It is also very fun for media story tellers to manipulate your emotions to make you biased and think on their side or at least look at some more of their articles (Think $$$ for the media)

no offense to the media, though, things wouldn't be the same without them, in good and bad ways.

thank you for replying us

EDIT:
Quote:
That number [0.005%] is quite meaningless considering that
• It's the average value of ALL Americans (there are a LOT of those and I bet the majority isn't living very close to nuclear power plants)


even then, there is only a small amount, even for those living close to the reactors. (also, even if some of them got about half their radiation from nuclear reactors, that would be a small amount and also pretty unsubstantial)

Micro plastics: I know about them but there are much, much more serious things, like air pollution that is actually proven to kill people. (also, microfibers that are more numerous and dangerous than micro-plastics but still not 100% circumstantial)
To solve air pollution (the bigger issue that kills millions yearly) we need more nuclear reactors to replace oil and coal powered power plants.

in short: people are smart, and many problems with nuclear reactors and waste are looked at and considered for feasibility. Risks are weighed, and nuclear power is the best option. It has the fewest casualty rate per kwh out of all power methods, making it much safer.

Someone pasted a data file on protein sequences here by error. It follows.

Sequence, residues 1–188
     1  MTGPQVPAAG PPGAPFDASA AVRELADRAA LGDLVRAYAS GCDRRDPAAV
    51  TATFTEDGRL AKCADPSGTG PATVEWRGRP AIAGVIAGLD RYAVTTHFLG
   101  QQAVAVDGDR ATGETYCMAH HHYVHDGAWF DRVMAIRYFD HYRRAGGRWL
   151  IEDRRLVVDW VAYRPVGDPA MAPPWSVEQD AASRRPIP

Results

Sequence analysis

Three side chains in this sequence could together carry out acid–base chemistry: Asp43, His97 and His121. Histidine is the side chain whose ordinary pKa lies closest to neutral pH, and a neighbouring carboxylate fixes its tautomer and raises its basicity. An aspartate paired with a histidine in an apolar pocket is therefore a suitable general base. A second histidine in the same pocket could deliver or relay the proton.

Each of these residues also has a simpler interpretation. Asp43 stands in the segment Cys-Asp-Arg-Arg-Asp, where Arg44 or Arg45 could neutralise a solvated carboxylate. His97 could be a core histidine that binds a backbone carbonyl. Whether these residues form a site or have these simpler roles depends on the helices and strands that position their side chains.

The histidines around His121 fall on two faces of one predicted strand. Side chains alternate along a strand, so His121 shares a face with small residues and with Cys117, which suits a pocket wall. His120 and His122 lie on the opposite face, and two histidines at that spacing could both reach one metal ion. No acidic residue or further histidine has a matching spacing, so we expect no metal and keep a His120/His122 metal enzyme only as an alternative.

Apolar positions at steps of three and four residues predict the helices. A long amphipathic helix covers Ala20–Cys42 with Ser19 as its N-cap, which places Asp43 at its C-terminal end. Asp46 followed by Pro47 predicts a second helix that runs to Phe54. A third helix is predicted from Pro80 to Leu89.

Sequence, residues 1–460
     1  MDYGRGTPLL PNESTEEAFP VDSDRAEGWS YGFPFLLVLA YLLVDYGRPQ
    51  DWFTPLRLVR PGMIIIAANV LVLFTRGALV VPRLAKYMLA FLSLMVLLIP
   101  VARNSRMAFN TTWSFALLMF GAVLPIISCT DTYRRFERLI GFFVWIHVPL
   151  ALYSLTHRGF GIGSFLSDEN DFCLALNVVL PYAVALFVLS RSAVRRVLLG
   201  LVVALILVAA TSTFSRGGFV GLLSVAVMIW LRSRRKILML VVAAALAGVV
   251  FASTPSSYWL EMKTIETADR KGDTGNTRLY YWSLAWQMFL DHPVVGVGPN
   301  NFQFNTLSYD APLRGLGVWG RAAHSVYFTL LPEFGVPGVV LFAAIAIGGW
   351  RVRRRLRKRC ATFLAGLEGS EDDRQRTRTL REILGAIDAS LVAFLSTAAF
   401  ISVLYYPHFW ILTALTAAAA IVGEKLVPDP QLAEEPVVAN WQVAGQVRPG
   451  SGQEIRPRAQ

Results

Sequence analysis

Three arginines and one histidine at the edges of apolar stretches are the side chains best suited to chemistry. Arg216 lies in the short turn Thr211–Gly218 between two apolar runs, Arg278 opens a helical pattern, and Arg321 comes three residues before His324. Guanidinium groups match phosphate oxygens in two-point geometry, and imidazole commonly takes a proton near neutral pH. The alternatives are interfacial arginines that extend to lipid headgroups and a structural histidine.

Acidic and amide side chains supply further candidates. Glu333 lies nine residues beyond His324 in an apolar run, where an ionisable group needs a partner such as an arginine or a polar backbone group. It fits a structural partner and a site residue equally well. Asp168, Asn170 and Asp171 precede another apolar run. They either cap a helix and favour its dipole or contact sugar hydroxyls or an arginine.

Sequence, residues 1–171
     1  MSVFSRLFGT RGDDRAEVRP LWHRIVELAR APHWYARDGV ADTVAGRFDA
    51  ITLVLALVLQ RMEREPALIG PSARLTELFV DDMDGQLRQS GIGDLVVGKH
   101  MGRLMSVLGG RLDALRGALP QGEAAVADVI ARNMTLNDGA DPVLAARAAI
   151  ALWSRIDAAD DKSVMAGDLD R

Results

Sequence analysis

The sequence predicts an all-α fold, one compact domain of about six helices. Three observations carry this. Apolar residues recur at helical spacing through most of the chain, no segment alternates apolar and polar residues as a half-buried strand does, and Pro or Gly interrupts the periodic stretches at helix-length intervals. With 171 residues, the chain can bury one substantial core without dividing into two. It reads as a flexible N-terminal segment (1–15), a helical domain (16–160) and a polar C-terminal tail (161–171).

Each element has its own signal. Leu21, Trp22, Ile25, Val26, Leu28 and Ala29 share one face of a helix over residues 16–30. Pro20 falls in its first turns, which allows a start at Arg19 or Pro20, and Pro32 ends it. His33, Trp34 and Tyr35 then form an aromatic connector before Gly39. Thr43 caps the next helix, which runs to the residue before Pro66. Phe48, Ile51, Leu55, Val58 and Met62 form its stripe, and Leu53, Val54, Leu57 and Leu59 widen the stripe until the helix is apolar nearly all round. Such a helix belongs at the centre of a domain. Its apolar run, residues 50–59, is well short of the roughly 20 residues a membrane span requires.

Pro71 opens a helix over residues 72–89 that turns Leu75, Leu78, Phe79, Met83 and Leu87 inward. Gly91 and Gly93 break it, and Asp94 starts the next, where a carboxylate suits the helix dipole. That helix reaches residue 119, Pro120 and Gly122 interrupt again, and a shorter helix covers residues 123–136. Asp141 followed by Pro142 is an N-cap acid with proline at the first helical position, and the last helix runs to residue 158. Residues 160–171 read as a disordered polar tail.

edited 1×, last 03.10.19 04:55:24 pm
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04.10.19 07:30:07 pm
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Bowlinghead
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I do not know much about this geo-enginering stuff.
But it sounds like you want us to convince of nuclear power plants.

Every source of energy got its advantages and disadvantages.
Wind turbines do hurt animals, bugs, etc. but you can also place them where no nature is anyway.
Solar panels block the light for flowers'n'stuff but you can place them on top of roofes.
Nuclear plants do produze very much energy on a small size with quite few materials, etc. but also produce unusuable trash.

Solar parks
What about the massive solar panel park in the deserts?
Is that a valid option despite the (inter)national conflicts?
Lets suppose that a giant grid of solar cells could generate 100% of the global energy demands theoreticly.
We would change the eco system of the desert. All the animals have to adapt to the missing heat.

Nature
Often in history the nature found a good method to solve problems. Like the balance between CO2 and air. How trees provide shelter, food for animals.
We probably should try organic methods like trees that create electricity by C02 (both components are there; in our brain and in every flower. we just gotta combain them kinda)